Whats the max input wattage can an iphone XR, XS, XS Max for fast charging ?

kitana12

macrumors newbie
Original poster
Nov 12, 2018
3
0
I am trying to purchase a third party USB-C fast charger. I was wondering what the the maximum wattage the newer iphones can draw through USB-C power drive 3.0

There chargers I am considering are:

Aukey PA-Y16

- USB-C Output 1/2 (Power Delivery 3.0): (PDO) 5V 3A, 9V 2A; (PPS) 3V–5.9V 3A, 6V–11V 2A

- 36W

This charger supports 18 watts per USB-C port so I am wondering does the new iphones need more than 18 watt for fast charging? I want to be able to fast charge on both ports at the same time.



The second charger I am considering is Aukey PA-Y10

USB-C Output: (PDO) 5V 3A, 9V 3A, 12V 3A, 15V 3A, 20V 2.3A; (PPS) 3V–16V 3A

It has only one USB-C port but it's wattage is 46 Watt. So would it charge faster the the above one ?

All I want to know is that how much wattage change the new 2018 iphones can take so I don't unnecessarily go for higher wattages.
 

iKevinT

macrumors member
Dec 14, 2017
76
40
I consistently read maximum input to the iPhone for the wireless charging iPhones is 7.5 watts, but that’s only coming from the charger manufacturers or 3rd parties, not from Apple.

I have a device that measures voltage and amps coming out of the charger but not at or in the iPhone. The two Anker car chargers I’ve tried for wireless charging are 5 volt and 9 volt, but the amperages change while charging so the wattage output seems to be about the same, but I can’t do both at the same time to know exactly. Both are specified higher than 7.5 watts, as I recall 12 and 19 watts per USB out (2). The 9 volt charger seems to do better than the 5 volt charger with the longer cord needed to reach the outlet in my center console. I don’t know enough about electricity measurements vs. cord resistance to know if the wattage measurements at the upstream end of the cord is what reaches the downstream end or not, but I’m guessing not. My experience with auto and boat stereo installations is cord gage is very important when powering amps with long power cord runs. For the center console outlet I’m using an Amazon Basics 6 foot cord rated for 5 volts at 3 amps which equals 15 watts so should be 2 times what the iPhone can use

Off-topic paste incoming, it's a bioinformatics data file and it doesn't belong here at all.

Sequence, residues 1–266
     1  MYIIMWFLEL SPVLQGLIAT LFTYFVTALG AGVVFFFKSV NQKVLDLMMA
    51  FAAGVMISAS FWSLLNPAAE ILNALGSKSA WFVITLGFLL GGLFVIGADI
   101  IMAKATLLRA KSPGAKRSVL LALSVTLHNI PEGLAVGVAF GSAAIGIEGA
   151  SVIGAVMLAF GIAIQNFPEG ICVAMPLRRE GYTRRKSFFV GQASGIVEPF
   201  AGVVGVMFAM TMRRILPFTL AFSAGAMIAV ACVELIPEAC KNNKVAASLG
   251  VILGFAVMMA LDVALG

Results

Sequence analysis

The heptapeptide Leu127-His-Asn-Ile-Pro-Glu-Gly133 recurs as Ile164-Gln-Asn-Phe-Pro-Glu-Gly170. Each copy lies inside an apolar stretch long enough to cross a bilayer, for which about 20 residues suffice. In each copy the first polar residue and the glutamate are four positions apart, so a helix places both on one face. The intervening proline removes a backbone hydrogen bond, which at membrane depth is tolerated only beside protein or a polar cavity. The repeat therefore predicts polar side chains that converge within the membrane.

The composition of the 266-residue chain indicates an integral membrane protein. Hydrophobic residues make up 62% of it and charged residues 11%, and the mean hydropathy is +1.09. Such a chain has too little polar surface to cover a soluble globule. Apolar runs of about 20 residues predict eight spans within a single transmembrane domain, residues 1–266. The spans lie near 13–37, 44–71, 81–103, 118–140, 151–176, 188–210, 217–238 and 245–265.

AmazonBasics USB Type-C to USB-A 2.0 Male Cable - 6 Feet (1.8 Meters) - Black https://www.amazon.com/dp/B01GGKYN0A/ref=cm_sw_r_cp_tai_o3a7BbN56F0ZN

You can find links to the chargers and device I use to measure in this post I started.
Wireless Car Charger
https://r.tapatalk.com/shareLink?share_fid=55828&share_tid=2337757&url=https://www.wranglerforum.com/showthread.php?t=2337757&share_type=t

There is an app I saw in the App Store that compares cords and chargers, based on time to get 2% battery level increase, but I haven’t tried it yet. I guess 99 cents isn’t much considering how much wireless chargers, cords, and phone holders cost.
 

compwiz1202

macrumors 6502
May 20, 2010
408
74
I tested last night. Killed both my wife's and my Pro Maxes. Then put hers on the 18W from the box and put mine on a 30W Power Bank. After a half hour I was 54% and she was 50%. Didn't seem like much of a difference. I might try again with a 30W wall charger instead of a Bank. Or maybe the throttling after 50% is that considerable.